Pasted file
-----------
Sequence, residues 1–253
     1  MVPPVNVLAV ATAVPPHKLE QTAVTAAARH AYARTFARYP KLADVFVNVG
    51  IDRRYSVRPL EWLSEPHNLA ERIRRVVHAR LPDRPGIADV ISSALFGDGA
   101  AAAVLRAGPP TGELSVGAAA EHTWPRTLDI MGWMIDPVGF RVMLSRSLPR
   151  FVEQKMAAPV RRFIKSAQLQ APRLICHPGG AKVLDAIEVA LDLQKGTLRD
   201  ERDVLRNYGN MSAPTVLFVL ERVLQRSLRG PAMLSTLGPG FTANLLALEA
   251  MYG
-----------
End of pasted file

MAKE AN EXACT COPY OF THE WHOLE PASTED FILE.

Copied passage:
Sequence, residues 1–253
     1  MVPPVNVLAV ATAVPPHKLE QTAVTAAARH AYARTFARYP KLADVFVNVG
    51  IDRRYSVRPL EWLSEPHNLA ERIRRVVHAR LPDRPGIADV ISSALFGDGA
   101  AAAVLRAGPP TGELSVGAAA EHTWPRTLDI MGWMIDPVGF RVMLSRSLPR
   151  FVEQKMAAPV RRFIKSAQLQ APRLICHPGG AKVLDAIEVA LDLQKGTLRD
   201  ERDVLRNYGN MSAPTVLFVL ERVLQRSLRG PAMLSTLGPG FTANLLALEA
   251  MYG